This is just another in a long and sad history of pro athletes looking to gain a competitive edge by using banned substances.
With so much money at stake for professional ball players, it’s not surprising that they would go to such lengths to bolster their success. The really sad part is that these athletes are setting an example for the younger generation of sports stars to follow.
While we don’t hear about them as often on the local level, there’s little doubt our area prep stars are tempted to use steroids.
A 2012 study in Minnesota found that 5 percent of young athletes had used steroids to bulk up. Many more — a third of boys and one-fifth of all girls in the study — said they had used protein or powder shakes to gain muscle mass, and around 10 percent had used non-steroid muscle-enhancing substances, such as Creatine.
What message are these youngsters receiving that makes them feel that they must push themselves this hard, to the point of risking their future well-being — not to mention breaking the law — in order to become more successful athletically?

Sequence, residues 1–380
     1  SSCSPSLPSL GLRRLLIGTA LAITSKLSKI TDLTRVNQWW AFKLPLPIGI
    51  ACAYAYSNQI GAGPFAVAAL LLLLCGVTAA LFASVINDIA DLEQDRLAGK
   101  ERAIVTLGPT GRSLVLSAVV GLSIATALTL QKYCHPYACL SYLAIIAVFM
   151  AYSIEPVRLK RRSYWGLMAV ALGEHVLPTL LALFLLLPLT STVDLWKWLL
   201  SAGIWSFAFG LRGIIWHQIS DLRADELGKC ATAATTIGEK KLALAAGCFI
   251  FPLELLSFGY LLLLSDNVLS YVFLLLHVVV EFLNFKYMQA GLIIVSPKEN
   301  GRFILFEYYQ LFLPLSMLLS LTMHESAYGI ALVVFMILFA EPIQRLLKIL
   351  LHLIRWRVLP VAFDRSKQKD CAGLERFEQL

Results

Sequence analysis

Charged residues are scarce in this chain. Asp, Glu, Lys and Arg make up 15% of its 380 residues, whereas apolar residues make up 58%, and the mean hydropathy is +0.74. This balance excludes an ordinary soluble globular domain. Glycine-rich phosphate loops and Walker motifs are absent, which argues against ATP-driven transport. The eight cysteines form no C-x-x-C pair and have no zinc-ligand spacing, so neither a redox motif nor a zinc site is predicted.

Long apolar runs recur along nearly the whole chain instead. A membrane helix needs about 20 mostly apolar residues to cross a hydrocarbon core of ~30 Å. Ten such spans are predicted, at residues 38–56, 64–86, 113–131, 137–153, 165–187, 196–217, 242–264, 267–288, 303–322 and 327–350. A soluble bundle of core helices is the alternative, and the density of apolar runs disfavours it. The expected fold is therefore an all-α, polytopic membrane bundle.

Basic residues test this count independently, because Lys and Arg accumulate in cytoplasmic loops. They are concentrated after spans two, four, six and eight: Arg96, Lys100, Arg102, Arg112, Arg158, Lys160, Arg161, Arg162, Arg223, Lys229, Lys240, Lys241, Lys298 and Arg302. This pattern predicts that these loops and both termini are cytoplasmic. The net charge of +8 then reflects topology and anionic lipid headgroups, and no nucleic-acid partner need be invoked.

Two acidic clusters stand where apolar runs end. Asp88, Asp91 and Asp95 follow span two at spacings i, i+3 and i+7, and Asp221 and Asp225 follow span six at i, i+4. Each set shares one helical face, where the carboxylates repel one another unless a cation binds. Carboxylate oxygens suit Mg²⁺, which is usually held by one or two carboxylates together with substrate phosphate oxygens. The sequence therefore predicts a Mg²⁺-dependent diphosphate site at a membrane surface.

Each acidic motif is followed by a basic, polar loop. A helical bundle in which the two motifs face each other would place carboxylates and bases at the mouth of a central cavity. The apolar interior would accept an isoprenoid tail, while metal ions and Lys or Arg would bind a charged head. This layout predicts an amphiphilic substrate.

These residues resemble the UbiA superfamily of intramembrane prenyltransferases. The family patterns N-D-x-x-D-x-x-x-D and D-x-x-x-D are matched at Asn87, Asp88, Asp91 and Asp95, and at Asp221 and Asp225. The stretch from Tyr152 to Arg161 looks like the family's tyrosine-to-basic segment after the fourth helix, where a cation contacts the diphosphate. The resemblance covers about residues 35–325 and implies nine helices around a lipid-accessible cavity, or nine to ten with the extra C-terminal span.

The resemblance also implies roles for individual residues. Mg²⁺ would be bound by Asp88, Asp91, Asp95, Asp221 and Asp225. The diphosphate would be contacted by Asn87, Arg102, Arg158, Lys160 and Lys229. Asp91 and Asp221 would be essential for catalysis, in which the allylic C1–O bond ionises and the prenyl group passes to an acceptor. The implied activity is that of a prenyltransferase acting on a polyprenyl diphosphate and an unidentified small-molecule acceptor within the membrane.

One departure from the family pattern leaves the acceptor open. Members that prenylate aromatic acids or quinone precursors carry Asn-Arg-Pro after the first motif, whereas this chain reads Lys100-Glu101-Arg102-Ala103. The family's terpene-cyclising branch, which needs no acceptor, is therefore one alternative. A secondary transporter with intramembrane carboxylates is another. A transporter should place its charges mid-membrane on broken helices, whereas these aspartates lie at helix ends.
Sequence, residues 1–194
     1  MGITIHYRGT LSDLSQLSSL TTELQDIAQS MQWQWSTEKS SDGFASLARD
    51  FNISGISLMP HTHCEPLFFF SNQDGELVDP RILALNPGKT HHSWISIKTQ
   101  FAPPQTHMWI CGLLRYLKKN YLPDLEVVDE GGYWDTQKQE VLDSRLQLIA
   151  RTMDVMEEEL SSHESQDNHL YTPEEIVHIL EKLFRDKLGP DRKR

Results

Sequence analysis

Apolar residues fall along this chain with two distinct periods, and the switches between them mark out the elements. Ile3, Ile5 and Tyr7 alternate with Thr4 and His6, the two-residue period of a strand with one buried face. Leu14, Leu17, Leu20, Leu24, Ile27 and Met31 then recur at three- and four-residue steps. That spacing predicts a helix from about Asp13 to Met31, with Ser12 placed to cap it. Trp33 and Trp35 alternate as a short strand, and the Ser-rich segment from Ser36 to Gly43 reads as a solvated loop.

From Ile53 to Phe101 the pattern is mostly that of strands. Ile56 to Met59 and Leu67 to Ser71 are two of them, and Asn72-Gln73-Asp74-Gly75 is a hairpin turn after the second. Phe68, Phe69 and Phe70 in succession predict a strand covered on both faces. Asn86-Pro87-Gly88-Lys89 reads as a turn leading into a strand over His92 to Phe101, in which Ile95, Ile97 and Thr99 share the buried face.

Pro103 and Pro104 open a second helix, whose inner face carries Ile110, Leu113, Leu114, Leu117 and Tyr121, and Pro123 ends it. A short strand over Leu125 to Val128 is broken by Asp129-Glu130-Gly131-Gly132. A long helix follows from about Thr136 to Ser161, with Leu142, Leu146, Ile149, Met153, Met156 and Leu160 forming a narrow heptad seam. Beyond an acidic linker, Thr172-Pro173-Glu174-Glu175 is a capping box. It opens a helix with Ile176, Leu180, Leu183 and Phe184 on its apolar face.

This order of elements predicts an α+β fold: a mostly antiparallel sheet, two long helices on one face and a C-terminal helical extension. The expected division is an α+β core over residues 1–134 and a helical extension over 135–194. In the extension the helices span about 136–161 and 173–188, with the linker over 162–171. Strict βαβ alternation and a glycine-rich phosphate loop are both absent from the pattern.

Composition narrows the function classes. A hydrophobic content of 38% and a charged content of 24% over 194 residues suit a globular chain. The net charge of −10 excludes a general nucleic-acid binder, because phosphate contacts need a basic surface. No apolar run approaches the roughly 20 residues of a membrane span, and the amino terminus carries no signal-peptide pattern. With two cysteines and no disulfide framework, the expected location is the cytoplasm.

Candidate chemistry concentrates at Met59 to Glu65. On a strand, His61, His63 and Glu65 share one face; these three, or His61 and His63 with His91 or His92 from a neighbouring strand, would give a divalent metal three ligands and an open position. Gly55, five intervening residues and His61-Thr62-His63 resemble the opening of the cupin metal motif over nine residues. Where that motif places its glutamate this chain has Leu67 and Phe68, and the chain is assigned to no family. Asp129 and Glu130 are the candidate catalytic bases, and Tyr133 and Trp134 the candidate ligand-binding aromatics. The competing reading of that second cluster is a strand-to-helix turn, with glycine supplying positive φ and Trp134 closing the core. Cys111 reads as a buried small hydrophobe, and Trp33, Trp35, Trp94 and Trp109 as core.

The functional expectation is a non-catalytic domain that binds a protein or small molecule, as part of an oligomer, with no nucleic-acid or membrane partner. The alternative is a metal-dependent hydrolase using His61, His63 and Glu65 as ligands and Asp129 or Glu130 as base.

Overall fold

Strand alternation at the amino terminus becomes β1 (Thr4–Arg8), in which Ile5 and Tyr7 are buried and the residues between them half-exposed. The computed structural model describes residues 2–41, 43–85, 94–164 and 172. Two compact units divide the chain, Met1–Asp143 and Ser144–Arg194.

Up until the recent Major League Baseball suspensions, we hadn’t heard much about steroids and other performance-enhancing drugs.
With the fall prep sports season beginning this week, perhaps this is a well-timed reminder about the dangers of PEDs.
If you have a youngster competing in athletics, take a few moments and talk to them about steroids. Let them know that the immediate satisfaction of a boost in strength and performance is dwarfed by the long-term consequences.
Kudos to Major League Baseball for taking a firm stand against these cheaters — a list that includes a few of the biggest games in the game, including Alex Rodriguez and Ryan Braun.
Hopefully, our local athletes will get the message and realize that, with steroids, everyone loses.
Our Views reflects the majority opinion of the members of the Grand Haven Tribune editorial board: Kevin Hook, Cheryl Welch, Matt DeYoung, Alex Doty and Fred VandenBrand. What do you think? E-mail us a letter to the editor to firstname.lastname@example.org or log-in to our website and leave a comment below.